Alejandro lives in a section of the city known as San Juan de Aragón which is in the northern part of the city about half way between the airport and the Basilica of Guadalupe.

It is not an elegant or beautiful part of Mexico City, but is more typical of the vast bulk of the city than the areas with which the typical tourist is familiar.

One of the commercial streets of the neighborhood is Camino San Juan de Aragón (not to be confused with Calzada San Juan de Aragón which is the thoroughfare along which the Metrobus runs).  The street is lined with all sorts of small businesses, from auto repair shops to opticians to corner grocery stores.  Many of them are little hole-in-the-wall establishments.

Along the residential streets, the houses face directly on the streets.  There are no front yards or back yards, and the houses are built right up against one another.  (This is typical throughout Mexico.)  Some of the homes look quite nice and are well maintained... others not so much.  Along the sidewalks there are bushes and small trees, some of them pruned into geometric shapes.

I once wrote in another post that the names of the streets within a neighborhood often have a theme.  Here most of the streets are named after Mexican port cities.

Puerto Acapulco is another commercial street.

Along Puerto Acapulco Street you will find the neighborhood market building.  

It is not an especially large market, but it has the typical variety of stalls selling food, clothing, housewares and many other products.  As always, the produce stands are the most colorful.

Hanging from the rafters are piñatas for sale.

All along the side street that runs by the market are outdoor stalls selling a wide variety of merchandise.  Alejandro says that this is technically not a "tianguis" (outdoor market) because these stalls are here all the time and are not just set up once a week.  On Monday, many of the merchants had not set out their wares, but on weekends it is a very busy place.
Although the street is open to vehicular traffic, it is the pedestrians who pretty much control the street.

Carry-out chicken (pollo) establishments are very popular.  KFC does exist in Mexico, but I didn't see one in this neighborhood.

A number of times Alejandro and I have gone to this bakery for bread and pastries.

But during my walk, I came upon this pastry shop which looked quite tempting.

The menu posted outside of this little corner restaurant made me hungry.  They had all sorts of tamales and crepes.

But I didn't try out the restaurant.  It was nearly 2:00, and there would be dinner waiting for me at the house.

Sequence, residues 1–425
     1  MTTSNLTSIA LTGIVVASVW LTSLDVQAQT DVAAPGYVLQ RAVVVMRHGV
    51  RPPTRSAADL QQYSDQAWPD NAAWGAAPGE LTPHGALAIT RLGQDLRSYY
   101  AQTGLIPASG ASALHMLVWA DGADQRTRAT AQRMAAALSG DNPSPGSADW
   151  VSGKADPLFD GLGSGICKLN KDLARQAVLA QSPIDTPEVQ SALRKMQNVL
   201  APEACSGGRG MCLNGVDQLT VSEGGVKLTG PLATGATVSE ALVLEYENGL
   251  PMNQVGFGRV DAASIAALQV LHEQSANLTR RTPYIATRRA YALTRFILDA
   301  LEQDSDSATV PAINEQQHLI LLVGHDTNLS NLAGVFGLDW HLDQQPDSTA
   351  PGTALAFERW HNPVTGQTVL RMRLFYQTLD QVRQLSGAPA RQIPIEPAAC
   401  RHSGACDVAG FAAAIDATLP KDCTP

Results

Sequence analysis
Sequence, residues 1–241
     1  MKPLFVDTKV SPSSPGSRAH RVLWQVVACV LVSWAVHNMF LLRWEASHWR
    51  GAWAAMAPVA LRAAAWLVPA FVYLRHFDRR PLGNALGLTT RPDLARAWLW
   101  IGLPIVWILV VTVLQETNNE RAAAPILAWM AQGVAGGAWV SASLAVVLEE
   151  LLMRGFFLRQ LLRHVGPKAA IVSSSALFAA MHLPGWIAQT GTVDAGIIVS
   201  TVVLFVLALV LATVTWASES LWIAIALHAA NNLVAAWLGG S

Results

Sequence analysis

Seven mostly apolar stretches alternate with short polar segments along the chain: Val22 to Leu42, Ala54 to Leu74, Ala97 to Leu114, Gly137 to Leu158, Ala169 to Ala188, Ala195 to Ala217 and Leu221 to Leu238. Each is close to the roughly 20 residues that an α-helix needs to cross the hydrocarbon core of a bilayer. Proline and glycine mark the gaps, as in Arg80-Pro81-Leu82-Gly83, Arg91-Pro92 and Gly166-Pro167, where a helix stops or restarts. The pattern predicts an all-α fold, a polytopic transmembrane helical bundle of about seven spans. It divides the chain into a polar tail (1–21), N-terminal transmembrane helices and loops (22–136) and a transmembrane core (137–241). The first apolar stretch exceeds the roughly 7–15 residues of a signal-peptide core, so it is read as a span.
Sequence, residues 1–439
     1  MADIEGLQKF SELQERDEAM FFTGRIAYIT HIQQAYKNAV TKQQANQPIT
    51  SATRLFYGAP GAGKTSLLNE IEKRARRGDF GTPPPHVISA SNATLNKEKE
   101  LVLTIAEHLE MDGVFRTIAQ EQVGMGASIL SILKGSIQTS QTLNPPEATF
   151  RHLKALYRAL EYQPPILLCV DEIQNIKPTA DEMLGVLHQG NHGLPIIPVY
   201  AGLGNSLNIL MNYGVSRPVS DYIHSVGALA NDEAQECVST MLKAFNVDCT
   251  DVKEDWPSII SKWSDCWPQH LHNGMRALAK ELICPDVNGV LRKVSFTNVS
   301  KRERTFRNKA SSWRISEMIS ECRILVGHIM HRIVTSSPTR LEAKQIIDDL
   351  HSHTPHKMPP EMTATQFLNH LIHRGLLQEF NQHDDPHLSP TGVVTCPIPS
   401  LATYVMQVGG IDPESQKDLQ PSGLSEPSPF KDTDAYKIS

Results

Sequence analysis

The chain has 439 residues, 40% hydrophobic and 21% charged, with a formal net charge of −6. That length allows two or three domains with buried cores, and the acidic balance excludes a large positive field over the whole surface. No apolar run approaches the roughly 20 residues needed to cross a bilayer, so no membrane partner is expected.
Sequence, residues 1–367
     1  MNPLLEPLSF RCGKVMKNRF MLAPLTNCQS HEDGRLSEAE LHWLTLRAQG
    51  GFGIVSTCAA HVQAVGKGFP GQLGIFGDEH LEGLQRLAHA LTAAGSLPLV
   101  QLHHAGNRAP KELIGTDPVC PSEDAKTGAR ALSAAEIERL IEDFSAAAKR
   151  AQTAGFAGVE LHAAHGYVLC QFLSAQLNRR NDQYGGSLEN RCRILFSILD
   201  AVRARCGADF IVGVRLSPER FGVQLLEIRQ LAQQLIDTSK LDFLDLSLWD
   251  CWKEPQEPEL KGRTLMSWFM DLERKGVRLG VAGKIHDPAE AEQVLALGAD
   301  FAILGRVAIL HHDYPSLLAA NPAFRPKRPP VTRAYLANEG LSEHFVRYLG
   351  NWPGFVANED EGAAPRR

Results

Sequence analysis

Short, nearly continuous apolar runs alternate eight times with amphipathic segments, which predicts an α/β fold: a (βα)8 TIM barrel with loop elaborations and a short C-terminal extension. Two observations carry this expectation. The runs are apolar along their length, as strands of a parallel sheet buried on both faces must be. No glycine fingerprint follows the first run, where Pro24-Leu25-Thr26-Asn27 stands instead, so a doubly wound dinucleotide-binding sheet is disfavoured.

Monday, January 15, 2018

Shivering in the Tropics

Mexico City's location is in the tropics, but, as I have said before, its climate is moderated by its elevation.  Well, the last couple days the weather has "moderated" down to being downright cold.  This morning, for the second day in a row, the temperature has been 32 degrees Fahrenheit when I got up in the morning.

Yesterday the house never warmed up, and when I sat in the living room I was wrapped up in a blanket.  My feet never were cold all day. The high temperature was in the low sixties Fahrenheit (the afternoons usually rise to the seventies).  I went up to the roof to enjoy the sun.  Although the sun's warmth felt good on my face, there was a chilly breeze at my back.

Alejandro left very early yesterday morning to go to the hospital.  He won't be back until this evening.  His sister Sandra returned home later in the morning, and immediately went to bed.  She had not been able to get much sleep at the hospital the night before.  

For Sunday dinner I fixed penne pasta with sauce.  The sauce was from a can, but I doctored it up, and it wasn't too bad.  I had also bought some meatballs to serve with the pasta.  Meatballs are one of little Ezra's favorites.  They weren't like the ones his grandmother makes in a tomato broth, but he seemed to like them.  He asked for three with his pasta and he ate them all.  There was one meatball left over, and when I asked him if I should save it for him for his evening supper, he enthusiastically said, "Sí".

For some time a neighbor, who prepares home cooked meals as a business, has been bringing food to the house once a week.  Sandra has now arranged to have meals delivered three times a week, so today I don't have to cook.